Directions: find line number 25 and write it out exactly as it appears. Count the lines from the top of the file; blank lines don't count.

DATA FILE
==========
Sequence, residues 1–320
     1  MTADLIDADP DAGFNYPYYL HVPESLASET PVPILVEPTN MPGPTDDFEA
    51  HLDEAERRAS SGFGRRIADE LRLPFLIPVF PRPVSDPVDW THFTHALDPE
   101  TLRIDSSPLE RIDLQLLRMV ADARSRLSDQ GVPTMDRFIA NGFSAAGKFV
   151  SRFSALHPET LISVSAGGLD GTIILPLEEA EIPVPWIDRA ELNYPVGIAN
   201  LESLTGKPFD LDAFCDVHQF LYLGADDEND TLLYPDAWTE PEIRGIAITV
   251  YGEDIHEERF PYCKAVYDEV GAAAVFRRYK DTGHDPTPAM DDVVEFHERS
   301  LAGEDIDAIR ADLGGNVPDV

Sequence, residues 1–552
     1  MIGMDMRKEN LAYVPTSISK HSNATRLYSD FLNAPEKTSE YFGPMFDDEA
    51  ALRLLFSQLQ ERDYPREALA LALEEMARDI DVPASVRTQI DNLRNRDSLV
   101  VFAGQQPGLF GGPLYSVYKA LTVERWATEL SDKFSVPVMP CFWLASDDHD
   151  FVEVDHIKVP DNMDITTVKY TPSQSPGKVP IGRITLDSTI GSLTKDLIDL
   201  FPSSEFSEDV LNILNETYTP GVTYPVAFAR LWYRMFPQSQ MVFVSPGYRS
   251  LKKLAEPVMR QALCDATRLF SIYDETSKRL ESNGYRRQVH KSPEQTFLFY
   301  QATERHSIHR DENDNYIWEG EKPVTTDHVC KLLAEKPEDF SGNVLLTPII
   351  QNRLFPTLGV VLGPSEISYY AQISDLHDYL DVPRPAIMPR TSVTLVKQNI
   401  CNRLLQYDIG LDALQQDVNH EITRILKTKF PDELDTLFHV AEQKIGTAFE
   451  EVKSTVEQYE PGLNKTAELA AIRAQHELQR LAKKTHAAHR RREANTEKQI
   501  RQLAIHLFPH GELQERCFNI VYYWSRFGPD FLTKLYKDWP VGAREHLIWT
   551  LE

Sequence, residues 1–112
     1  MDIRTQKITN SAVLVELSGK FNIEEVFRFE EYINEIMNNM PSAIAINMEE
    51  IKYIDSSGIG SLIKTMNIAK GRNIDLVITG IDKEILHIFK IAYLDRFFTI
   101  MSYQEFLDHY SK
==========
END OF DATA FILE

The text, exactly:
   101  MSYQEFLDHY SK